Monday was Memorial Day. I know it was founded to honor those who died in our military services. There’s Veterans Day for honoring living GIs and someone said Armed Forces Day is for honoring those who are active in the military.
I know all this, but still wind up thinking of not only the dead, but the living, the survivors.
I mentioned at the Woodbury Heights Memorial Day ceremony on Saturday my belief that everyone who has ever donned the uniform has faced death, whether they were in combat or not, because, well, just by serving, they were in harm’s way.
It’s easy for me to become distracted. Come Memorial Day, despite all of my good intentions, I do consider summer to have started, unofficially.
And when I start recalling GIs I knew or knew about who have died in service, I can’t help thinking as well about GIs who have served — stateside, the wars in Iraq and Afghanistan, peacekeeping missions in the Sinai Desert, Africa and the Balkans.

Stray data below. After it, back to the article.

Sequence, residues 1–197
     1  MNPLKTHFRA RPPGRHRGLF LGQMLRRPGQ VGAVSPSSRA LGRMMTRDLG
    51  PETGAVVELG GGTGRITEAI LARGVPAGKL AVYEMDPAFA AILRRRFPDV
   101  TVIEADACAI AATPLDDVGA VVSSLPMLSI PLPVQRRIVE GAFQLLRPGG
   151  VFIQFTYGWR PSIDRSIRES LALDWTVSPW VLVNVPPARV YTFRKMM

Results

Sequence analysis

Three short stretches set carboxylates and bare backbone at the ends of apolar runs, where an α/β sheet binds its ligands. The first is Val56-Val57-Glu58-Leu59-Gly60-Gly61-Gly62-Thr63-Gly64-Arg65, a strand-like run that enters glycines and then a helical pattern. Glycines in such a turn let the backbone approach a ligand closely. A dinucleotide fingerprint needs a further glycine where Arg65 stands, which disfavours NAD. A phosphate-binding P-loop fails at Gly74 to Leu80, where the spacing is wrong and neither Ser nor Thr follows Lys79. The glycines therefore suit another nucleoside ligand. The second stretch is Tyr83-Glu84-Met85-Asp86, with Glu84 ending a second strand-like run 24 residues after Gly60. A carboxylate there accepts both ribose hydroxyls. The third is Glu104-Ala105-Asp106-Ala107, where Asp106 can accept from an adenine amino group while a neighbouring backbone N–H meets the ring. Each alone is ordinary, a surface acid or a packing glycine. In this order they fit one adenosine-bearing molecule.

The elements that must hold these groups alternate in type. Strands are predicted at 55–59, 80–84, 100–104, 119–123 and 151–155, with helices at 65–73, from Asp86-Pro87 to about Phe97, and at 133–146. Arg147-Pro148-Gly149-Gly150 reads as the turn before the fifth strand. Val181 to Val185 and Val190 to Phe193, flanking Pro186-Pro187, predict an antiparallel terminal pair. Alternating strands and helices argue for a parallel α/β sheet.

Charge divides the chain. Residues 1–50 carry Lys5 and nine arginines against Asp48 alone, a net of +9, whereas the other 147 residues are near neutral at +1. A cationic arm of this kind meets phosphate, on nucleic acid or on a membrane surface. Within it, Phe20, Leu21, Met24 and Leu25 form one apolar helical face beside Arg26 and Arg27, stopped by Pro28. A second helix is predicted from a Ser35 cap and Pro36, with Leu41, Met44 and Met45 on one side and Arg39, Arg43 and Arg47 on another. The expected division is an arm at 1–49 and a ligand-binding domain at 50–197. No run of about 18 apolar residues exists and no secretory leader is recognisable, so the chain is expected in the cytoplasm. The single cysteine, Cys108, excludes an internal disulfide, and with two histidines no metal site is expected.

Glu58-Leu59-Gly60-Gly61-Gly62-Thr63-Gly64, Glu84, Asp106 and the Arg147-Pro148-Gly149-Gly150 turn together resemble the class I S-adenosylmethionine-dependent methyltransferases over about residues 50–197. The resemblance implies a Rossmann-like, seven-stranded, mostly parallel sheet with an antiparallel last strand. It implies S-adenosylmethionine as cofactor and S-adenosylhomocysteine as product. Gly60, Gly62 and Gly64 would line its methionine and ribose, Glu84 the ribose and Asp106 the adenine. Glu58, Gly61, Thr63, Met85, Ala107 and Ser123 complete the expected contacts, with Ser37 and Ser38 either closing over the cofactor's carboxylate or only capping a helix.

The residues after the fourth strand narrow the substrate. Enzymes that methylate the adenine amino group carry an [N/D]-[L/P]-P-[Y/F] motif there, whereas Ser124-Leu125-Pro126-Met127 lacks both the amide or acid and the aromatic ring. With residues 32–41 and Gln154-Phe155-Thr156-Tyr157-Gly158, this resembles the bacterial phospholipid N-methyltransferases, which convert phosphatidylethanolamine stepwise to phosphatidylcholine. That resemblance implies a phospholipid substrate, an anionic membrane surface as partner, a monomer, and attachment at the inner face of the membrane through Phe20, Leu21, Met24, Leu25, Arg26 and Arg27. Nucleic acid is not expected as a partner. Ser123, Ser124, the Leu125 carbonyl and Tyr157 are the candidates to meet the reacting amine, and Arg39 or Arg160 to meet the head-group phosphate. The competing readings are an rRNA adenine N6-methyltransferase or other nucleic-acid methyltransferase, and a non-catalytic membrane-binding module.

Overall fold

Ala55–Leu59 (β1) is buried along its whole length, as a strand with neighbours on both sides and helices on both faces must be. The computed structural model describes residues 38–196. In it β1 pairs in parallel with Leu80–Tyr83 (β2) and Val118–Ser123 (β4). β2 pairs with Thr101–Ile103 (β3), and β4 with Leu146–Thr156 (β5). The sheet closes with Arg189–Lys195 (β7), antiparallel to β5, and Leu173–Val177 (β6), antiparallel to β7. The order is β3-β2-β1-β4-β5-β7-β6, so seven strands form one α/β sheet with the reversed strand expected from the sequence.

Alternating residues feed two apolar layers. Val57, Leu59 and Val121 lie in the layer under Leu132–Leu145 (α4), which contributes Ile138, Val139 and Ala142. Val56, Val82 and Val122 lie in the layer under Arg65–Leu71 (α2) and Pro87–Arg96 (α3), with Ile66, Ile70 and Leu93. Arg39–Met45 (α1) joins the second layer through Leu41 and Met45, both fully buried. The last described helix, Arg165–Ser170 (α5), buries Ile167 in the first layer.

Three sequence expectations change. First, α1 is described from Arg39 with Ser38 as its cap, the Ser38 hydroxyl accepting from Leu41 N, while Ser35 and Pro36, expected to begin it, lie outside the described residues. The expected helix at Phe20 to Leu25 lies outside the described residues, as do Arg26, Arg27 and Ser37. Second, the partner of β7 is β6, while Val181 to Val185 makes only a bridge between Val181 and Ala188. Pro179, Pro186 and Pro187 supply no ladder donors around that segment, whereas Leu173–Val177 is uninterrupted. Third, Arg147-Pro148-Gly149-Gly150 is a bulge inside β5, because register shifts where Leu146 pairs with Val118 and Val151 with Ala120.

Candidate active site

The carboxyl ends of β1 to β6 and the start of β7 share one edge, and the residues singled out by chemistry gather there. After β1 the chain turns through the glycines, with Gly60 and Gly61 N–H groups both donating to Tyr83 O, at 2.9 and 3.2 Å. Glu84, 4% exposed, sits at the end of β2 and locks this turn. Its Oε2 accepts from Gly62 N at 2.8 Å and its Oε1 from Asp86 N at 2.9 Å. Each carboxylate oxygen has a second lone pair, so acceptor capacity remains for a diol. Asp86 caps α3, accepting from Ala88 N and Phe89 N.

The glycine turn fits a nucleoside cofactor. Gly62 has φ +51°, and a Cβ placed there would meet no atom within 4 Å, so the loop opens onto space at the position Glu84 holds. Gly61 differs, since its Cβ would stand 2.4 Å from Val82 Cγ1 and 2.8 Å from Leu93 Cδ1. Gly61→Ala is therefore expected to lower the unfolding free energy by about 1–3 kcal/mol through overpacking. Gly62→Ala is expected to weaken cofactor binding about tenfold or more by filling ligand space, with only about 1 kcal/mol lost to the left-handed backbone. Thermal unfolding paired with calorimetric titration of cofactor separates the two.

Nowadays, I associate Memorial Day with the kind people of Woodbury Heights who, in the person of Councilman Jake Jacobs, have invited me to speak at their Memorial Day ceremony for 11 years now.
With that kind of record, it’s no wonder the folks at the event pay attention not only to what I might have to say in regard to Memorial Day, but to more personal details — namely, they followed my progress from being diagnosed with cancer right through my surgeon’s proclamation that I was cancer-free.
And now, we have once again laid to rest the spirits of our honored war dead, our distractions and good intentions, and have entered good old unofficial summer.